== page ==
Significance: Both, the judgment as well as the action of the executive here are quite irregular. As has been stated by an advocate of the Calcutta High Court, “Ideally, a legal proceeding should come to a halt as soon as the subject matter of such proceeding is exhausted. In this case, the writ petition ought to have been disposed of as soon as deportation took place, as the fate of all concerned persons was decided.” On the executive’s part, the two migrants were kept in the Nari Niketan, instead of being tried under the Foreigners’ Act. Yet, the court never called this into question. The court’s order is also plagued with several factual inconsistencies, such as there being three and not two women from Bangladesh who had been arrested and placed in the Nari Niketan and that the women had been minors at the time of their arrest. Moreover, the foreigners in question were women who were victims of cross-border human trafficking. In 2015, a Memorandum of Understanding was signed between India and Bangladesh on bilateral cooperation on matters concerning the cross-border trafficking of women and children between India and Bangladesh. The MoU sets out the process for repatriation of victims of trafficking, and the language used suggests that trafficked women and children are not to be treated as illegal migrants, but as victims, and repatriated accordingly. The court fails to account for the fact that victims of trafficking are accorded treatment distinct from other categories of foreigners. The fact that the court reached its conclusion despite these inconsistencies shows that the women and their predicament were completely sidelined, and were rather used by the court to make a policy decision about detention centres, in a case instead concerning repatriation of victims of human trafficking.. 

The court’s concern here for human rights violation can be appreciated, especially in the context of the horrible conditions in the Assam Detention Camps. While the Central Government’s Model Detention Centre/Holding Centres/Camp Manual, 2019 lay down some standards for humane treatment of detainees, it has been criticised for being far too ambiguous, putting into question the court’s insistence on establishing these Detention Centres.


  1. Neel Madhav How a Trafficked Woman’s Petition Is Being Used to Push for Detention of ‘Illegal Migrants’, The Wire, 3 September 2021.  
  2. Where hope fades and time stands still: Assam’s Detention Camps, Citizens for Justice and Peace, 13 November 2018.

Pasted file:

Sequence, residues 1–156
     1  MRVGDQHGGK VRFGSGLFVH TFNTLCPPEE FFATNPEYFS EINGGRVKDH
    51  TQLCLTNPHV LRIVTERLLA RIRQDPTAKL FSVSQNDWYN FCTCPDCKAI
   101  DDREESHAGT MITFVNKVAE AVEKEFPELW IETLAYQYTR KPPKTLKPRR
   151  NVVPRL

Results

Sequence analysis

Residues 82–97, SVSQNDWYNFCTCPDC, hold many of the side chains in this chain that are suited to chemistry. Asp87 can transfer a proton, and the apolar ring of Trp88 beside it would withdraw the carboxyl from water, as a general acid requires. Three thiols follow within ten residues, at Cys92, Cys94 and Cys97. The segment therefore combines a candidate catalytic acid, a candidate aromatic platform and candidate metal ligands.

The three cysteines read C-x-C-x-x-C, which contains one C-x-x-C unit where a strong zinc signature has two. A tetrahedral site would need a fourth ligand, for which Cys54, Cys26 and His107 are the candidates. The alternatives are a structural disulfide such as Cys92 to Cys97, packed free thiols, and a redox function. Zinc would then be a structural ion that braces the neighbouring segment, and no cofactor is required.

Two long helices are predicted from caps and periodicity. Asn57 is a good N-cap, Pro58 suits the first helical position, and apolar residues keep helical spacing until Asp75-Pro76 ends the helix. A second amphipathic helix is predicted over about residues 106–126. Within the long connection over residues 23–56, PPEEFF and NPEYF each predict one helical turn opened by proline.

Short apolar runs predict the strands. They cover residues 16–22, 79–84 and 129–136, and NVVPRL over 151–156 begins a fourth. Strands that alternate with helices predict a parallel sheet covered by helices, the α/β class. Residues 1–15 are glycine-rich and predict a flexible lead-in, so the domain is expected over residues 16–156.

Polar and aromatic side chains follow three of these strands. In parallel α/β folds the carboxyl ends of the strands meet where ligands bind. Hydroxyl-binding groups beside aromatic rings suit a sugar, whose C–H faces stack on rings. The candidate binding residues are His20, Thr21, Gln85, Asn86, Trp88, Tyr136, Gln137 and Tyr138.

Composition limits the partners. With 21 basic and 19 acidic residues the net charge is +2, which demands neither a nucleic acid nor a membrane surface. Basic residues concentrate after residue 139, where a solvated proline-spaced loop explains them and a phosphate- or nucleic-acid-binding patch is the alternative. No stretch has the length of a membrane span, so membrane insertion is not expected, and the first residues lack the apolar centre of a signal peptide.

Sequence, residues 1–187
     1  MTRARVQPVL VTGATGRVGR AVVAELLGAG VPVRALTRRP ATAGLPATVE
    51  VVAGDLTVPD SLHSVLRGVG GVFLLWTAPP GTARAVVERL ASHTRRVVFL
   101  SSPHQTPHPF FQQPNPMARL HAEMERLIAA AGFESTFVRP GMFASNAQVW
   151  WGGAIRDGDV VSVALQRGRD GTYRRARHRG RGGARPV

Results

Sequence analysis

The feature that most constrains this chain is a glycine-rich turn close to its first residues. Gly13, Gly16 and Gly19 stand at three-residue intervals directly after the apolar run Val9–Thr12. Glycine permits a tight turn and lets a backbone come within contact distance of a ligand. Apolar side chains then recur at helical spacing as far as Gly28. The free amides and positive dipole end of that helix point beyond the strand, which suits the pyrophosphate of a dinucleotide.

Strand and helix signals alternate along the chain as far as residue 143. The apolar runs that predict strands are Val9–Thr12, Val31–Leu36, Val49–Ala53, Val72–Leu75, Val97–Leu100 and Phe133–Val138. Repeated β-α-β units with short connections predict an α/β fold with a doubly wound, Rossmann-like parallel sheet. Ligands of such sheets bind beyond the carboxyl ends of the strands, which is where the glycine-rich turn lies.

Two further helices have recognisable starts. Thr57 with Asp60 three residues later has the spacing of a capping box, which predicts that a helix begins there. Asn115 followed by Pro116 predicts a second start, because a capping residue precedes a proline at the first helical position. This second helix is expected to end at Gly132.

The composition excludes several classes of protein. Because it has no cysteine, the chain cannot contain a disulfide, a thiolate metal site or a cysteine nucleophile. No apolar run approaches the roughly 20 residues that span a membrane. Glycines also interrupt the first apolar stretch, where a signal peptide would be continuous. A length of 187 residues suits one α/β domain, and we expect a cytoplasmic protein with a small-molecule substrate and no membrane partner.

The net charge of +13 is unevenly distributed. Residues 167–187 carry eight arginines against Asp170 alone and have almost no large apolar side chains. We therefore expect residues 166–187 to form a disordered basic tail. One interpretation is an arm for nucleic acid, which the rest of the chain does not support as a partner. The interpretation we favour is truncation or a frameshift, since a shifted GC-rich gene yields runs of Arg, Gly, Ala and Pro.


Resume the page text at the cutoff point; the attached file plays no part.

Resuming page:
3. Vijaita Singh, Explained: Indian Home Ministry’s guidelines on migrant camps, The Hindu, 4 August 2019.
  4. Ruhi Tewari, Modi govt sets norms for ‘model’ detention camps to ensure dignity of ‘illegal foreigners’, The Print
  5. Deborah Grey, Ambiguous guidelines for ‘model’ detention camps raise questions, CJP, 28 November 2019.
  6. Ministry of Home Affairs, Government of India, Conditions of Foreign Prisoners, 2 July 2019.
  7. Ministry of Home Affairs, Government of India, Detention Centres in the Country, 24 July 2019.
  8. Sparsh Upadhyay, Deportation Of Illegal Migrants Is Of Paramount Importance, In National Interest: Patna High Court Directs Govt To Sensitize People Of Bihar, LiveLaw, 28 August 2021.

This case note is part of Parichay’s ongoing project to study, track, and publish key propositions and latest developments in citizenship law and adjudication in India. This note was prepared by Farhan Zia.

Asor Uddin v. Union of India, WP(C)/6544/2019

Read the judgment here.

Date of decision: 09.09.2021

Court: Gauhati High Court

Justices: Justice N. Kotiswar Singh and Justice Manish Choudhary

Summary: The Gauhati High Court set aside an ex-parte order by the Foreigners’ Tribunal which declared the petitioner a “foreigner” due to his repeated non-appearance before the tribunal. The court reasoned that there were sufficient reasons which made the petitioner unable to present himself before the tribunal. 

Facts: The petitioner was declared a foreigner by the Foreigner’s Tribunal under Section 2(a) of the Foreigners’ Act, 1946, via an ex-parte order. The petitioner was a poor person and had to travel to Kerala for livelihood. Due to this, he had difficulty readily gathering documents containing his father and grandfather’s names, communicating with his counsel, appearing before the tribunal and filing a written statement. 

Due to his repeated non-appearance and non-filing of written statement, the tribunal passed an ex-parte order, declaring him a foreigner who had entered India from Bangladesh after 25.03.1971. The petitioner approached the Gauhati High Court to set aside the ex-parte order on the grounds mentioned above. The counsel for the Foreigners’ Tribunal argued that in the absence of the procedee, the law allows passing an ex-parte order. Since the petitioner had failed to file a written statement despite several dates given by the tribunal, the order was valid and legal. 

Holding: The court set aside the ex-parte order and directed the petitioner to appear before the Foreigners’ Tribunal for fresh proceedings. It was reasoned that “citizenship, being an important right of a person, ordinarily, should be decided on the basis of merit by considering the material evidences that may be adduced by the person concerned and not by way of default as happened in the present case.” [Para 7]